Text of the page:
sulci, which means if you ironed out

that brain, it would have a huge mass.


What we've done with all animals,
we treat them as lower mammals.


Because we, we, we use the standard
of human intelligence, and we come up

with human tasks to measure them by.

Whereas they're, they're
fantastic creatures as horses

that we underappreciate.

So as an evidence based person in
my response, what I say is, well,

so far, science hasn't shown this.

In fact, most, you know, literature
would show that there isn't a

prefrontal cortex in the horse.

But, you know, I would, I would
say that those are arbitrary

boundaries and they change over time.

So what I tell people is.

Look at the function.

Don't look at where that boundary lies
and says, well, this is prefrontal

cortex and the horse doesn't actually
have one because I know over time with

the sophisticated medical instruments
that we now have that I have no doubt

that we are going to find that the horse
has indeed has a prefrontal cortex and

indeed is capable of of much more than
we've ever given the horse credit for.

We just haven't had a
good way of measuring it.

And our measurement style
has been anthropomorphic.

Got it.

Rupert Isaacson: Yeah.

So, so yes.

Could it be that there are parts of the
horse brain that behave in a way like

a prefrontal cortex, that we just as
yet can't identify, but clearly we can

see that behavior must be coming from
somewhere because the, the behavior seems.

Ubiquitous, to the species that
they are, they are by nature, a

very playful, species is one of the
great, wonderful things about horses.

But yes, if it's not coming
from prefrontal cortex,

if it's not coming from.

a human type area of the brain
where we would produce that from,

or I'm going to play a joke on
that person that's planning.

That's logic.

That's reason.

That's emotional regulation.

Yes, that's prefrontal cortex.

If the horse doesn't appear to have one.

It's fast.

It's intriguing to me.

What parts of the brain would be
producing a similar type of response?

do you think?


Dr. Steven Peters: that I think
it's just a matter of where we

arbitrarily have drawn a fence line
and we've come up with a criterion.

This is prefrontal cortex because
we say mice have prefrontal

cortex, but we say a horse doesn't.

And I think, you know, if you go back 20
years ago when I was in school, they said,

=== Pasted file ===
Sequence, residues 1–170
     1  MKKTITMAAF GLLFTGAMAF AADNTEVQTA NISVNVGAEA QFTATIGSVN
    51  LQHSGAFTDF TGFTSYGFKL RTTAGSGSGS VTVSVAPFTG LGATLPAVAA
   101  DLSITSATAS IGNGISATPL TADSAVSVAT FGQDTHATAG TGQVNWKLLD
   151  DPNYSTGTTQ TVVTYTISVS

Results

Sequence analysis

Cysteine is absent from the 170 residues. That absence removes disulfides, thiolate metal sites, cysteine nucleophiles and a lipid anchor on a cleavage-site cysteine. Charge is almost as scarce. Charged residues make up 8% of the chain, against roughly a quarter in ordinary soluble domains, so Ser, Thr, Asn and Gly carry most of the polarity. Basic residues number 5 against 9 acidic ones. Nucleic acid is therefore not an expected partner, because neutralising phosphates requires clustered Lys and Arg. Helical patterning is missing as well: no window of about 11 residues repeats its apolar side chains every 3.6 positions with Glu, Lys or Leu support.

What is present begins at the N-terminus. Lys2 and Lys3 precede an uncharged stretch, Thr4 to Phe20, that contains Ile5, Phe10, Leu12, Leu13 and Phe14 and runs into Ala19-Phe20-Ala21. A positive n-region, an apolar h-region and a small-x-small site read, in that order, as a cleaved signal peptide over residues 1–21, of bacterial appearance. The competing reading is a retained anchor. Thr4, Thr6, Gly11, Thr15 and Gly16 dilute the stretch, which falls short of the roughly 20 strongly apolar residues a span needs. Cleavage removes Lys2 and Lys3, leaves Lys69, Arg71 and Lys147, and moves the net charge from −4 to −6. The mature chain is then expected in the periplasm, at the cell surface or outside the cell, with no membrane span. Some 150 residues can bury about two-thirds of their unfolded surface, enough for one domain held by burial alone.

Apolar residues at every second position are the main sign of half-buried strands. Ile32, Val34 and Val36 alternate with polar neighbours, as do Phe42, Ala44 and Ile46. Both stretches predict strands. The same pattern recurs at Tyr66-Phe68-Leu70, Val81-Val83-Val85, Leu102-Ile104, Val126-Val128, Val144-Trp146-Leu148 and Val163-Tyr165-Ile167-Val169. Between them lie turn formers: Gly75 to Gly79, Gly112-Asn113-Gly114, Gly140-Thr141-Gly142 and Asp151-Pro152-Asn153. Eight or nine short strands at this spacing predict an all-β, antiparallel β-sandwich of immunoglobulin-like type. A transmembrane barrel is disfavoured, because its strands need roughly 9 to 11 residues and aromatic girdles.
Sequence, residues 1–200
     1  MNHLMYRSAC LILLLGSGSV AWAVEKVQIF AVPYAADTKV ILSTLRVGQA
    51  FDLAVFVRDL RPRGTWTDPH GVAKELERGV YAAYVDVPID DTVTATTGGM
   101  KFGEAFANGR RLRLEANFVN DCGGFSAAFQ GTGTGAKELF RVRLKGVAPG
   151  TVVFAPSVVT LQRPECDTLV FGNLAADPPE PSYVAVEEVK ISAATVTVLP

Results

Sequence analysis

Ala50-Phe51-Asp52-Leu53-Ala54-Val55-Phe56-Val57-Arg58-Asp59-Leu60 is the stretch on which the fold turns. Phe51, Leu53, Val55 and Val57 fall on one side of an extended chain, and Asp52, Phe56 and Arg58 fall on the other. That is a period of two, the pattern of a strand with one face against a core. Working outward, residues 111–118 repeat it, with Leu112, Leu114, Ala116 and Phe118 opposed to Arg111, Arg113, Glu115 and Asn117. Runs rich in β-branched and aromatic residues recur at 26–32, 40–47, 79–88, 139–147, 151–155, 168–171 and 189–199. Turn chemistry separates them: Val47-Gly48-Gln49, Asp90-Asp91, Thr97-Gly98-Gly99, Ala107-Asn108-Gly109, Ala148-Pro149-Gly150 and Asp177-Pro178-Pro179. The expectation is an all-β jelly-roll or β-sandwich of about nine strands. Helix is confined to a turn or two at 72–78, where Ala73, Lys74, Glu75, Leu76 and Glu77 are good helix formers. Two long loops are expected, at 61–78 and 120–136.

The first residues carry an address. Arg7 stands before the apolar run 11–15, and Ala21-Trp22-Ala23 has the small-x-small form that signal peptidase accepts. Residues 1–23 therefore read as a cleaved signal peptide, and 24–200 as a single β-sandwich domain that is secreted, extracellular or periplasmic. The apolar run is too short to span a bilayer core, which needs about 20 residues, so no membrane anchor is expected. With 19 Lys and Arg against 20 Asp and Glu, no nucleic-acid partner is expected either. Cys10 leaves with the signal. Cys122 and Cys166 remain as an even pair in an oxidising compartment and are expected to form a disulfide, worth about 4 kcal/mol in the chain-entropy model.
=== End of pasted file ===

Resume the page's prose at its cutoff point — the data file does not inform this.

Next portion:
Oh, the human brain reaches like age 25
and never ever grows any more neurons.


Well, we know that that's now false.


You know, and.

Oftentimes things we said 20 years ago,
almost seem ludicrous now, but we held

it as if it were written in, in cement.

I like to think of things
much more out of the, the box.

And I think you see the, the,
behaviors you would associate

with the prefrontal cortex.

Do I have to point in the brain
where that prefrontal cortex is?

Listen to this.

There's a guy Wilder Penfield.

He was a Canadian neurosurgeon.

And what he would do is he would stimulate
electrically parts of people's brains.

And he might say, okay, I'm going to
go on this motor, the sensory strip

here, and I'm just going to touch
where, where the index finger is.

And he may touch there.

And that patient might say, well,
that tingles my index finger.

Another patient, exact same area.

Cause stereotypically they can
hone in right on that area.

touches them there, they say,
Oh, I feel that in my wrist.

And then somebody else might say,
well, I felt that up on my arm.

So what we learn is that
it's not like the textbooks.

You look at a textbook and you got
color coded areas of the brain.

You know, somebody who's
blind, for example, that's

not just fallow back there.

The occipital lobe, you know, that
occipital lobe will say, okay, since

we're not receiving input from the
visual system, let's let's send

some of that to auditory system.

So we know that sometimes like blind
musicians like Stevie Wonder or Ray

Orbison, it appears that they may
be using a lot more of their brain

That they would be using for visual
stimuli for auditory stimuli, which

may give them perfect pitch or a better
understanding of auditory because

they're using so much more brain force.

So, if you look at your brain,
because it's like a snowflake

your brain is not like my brain.

It's based on all your experiences,
your brain is just Oregon, which

interacts with the world and creates
something that helps us survive.


Horses just because we're using
a human measure to measure them.

I think once we find
functional MRI, we can do that.